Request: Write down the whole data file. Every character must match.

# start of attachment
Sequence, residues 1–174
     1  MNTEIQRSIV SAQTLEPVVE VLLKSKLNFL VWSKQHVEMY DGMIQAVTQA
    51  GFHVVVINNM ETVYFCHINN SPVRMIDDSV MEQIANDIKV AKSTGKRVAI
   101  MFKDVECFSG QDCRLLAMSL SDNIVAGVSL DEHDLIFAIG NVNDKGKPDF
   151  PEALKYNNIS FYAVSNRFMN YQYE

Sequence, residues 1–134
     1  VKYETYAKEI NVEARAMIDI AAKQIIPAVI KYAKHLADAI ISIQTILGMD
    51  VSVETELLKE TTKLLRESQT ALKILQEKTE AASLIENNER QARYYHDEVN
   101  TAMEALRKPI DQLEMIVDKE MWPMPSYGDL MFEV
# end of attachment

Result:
Sequence, residues 1–174
     1  MNTEIQRSIV SAQTLEPVVE VLLKSKLNFL VWSKQHVEMY DGMIQAVTQA
    51  GFHVVVINNM ETVYFCHINN SPVRMIDDSV MEQIANDIKV AKSTGKRVAI
   101  MFKDVECFSG QDCRLLAMSL SDNIVAGVSL DEHDLIFAIG NVNDKGKPDF
   151  PEALKYNNIS FYAVSNRFMN YQYE

Sequence, residues 1–134
     1  VKYETYAKEI NVEARAMIDI AAKQIIPAVI KYAKHLADAI ISIQTILGMD
    51  VSVETELLKE TTKLLRESQT ALKILQEKTE AASLIENNER QARYYHDEVN
   101  TAMEALRKPI DQLEMIVDKE MWPMPSYGDL MFEV